Larval Acceleration: A conversation in Chunks by Rotem Tamir and Omri Zin
Locust Projects
March 1–April 15, 2017


Links: Exhibition Website

In their work, both Rotem Tamir and Omri Zin create systems that suggest a performative presence, usually embodied by various stand-ins such as motorized mechanisms or modular structures. However, neither artist has ever been present as a live performer within these systems. For Larval Acceleration, Tamir and Zin created two autonomous systems that accommodate two separate performances, built according to the physical capacities and imagination of each individual artist. Their installation was anchored by two stations, akin to two factories, one producing shaped balloons, and the other rendering animal fat into a grease-like substance.

The two separate units of this installation constitute a single work that explores what it means to be in dialogue, not as a means to an end, but as a continuous process. Both stations necessitate a similar rhythm of production that continuously persists within its designed framework. Both environments foster the idea of work in progress in that they are designed to produce a product, which is simply a continuous state of production. Although they are each operating individually, the performers are in a relationship with each other that goes beyond their co-existence in a shared space or their proximity to one another. They persist in talking to, at, or into each other in an ongoing physical conversation.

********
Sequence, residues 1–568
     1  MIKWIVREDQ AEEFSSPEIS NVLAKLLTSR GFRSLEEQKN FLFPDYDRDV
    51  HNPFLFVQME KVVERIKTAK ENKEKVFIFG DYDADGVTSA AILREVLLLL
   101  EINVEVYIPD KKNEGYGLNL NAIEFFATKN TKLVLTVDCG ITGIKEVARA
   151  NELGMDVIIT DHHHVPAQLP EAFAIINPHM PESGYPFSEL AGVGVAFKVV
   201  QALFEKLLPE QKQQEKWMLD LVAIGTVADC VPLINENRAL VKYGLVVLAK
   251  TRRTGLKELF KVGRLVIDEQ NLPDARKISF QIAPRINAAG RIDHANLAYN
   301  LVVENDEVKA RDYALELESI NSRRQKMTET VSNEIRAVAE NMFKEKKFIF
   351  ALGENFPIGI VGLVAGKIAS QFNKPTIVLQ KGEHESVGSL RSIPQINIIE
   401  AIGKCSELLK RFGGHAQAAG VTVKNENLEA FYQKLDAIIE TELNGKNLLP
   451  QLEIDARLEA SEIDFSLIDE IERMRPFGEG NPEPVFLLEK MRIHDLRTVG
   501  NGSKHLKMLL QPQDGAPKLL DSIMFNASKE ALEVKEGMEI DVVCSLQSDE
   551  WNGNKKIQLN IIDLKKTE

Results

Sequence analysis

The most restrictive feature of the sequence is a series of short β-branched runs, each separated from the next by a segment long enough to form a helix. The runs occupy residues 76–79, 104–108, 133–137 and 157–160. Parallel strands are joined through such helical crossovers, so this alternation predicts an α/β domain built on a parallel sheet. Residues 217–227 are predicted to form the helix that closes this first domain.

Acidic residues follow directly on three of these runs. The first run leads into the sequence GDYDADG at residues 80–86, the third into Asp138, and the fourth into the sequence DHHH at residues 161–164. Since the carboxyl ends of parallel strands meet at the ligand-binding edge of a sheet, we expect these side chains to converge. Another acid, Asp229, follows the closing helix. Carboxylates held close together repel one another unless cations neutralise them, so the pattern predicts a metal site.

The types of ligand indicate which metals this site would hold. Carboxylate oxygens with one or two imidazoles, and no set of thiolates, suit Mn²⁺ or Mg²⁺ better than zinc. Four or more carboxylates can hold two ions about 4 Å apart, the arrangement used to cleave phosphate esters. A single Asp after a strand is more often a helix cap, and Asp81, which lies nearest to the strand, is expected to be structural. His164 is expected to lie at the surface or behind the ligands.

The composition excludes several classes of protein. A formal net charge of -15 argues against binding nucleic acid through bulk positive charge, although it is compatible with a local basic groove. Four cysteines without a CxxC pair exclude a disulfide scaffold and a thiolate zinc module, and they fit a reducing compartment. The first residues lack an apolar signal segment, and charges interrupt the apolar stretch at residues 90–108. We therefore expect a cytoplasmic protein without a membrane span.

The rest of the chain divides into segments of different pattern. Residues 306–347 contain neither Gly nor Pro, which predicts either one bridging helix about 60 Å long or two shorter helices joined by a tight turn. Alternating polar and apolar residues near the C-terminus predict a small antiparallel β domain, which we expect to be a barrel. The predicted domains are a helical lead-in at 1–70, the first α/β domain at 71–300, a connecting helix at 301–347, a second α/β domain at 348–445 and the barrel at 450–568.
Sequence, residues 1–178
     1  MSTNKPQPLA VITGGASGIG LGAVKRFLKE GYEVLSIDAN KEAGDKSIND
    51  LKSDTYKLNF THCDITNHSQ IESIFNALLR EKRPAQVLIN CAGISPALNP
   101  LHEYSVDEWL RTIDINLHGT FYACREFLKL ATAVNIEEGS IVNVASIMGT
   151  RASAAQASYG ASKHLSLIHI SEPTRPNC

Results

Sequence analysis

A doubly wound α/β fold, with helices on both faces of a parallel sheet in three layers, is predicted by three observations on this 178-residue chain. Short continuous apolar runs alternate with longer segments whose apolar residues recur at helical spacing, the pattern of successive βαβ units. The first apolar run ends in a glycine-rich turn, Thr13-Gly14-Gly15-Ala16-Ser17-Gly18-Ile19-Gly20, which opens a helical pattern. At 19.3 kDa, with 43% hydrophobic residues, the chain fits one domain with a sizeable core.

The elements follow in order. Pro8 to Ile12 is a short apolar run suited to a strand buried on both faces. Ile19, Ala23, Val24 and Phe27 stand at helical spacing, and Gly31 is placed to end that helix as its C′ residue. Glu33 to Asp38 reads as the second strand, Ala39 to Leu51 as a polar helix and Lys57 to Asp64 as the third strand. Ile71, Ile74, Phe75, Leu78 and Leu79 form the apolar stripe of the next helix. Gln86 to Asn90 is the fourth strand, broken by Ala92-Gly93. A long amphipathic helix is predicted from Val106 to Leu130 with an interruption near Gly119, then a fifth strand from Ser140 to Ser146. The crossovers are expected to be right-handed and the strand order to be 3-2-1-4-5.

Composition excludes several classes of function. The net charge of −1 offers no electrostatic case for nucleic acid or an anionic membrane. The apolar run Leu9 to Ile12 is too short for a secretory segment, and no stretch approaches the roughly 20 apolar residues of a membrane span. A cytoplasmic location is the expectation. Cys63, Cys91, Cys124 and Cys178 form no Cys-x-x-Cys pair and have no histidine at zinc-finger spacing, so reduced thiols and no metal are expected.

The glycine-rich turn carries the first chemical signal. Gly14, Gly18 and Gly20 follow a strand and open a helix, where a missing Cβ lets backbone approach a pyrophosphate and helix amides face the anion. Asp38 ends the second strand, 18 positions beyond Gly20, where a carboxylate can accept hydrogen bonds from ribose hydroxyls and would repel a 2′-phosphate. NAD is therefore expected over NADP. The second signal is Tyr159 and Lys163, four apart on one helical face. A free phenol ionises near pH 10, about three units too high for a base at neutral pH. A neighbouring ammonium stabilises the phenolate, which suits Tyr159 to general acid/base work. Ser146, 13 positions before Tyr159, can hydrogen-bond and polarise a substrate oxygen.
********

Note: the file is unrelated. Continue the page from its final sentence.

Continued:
Rotem Tamir and Omri Zin are Israeli artists who have been exhibiting extensively for the past decade. In 2012, they both moved to the United States to complete their MFA’s at Virginia Commonwealth University’s renowned sculpture program. The artists are a couple who, over the past ten years, have lived together, studied together and shared studio spaces, but until now they have never worked together. The exhibition at Locust Projects gave them the opportunity to collaborate on an exhibition for the first time, and to explore their common interest in functional design mechanisms by creating a playful durational performance environment.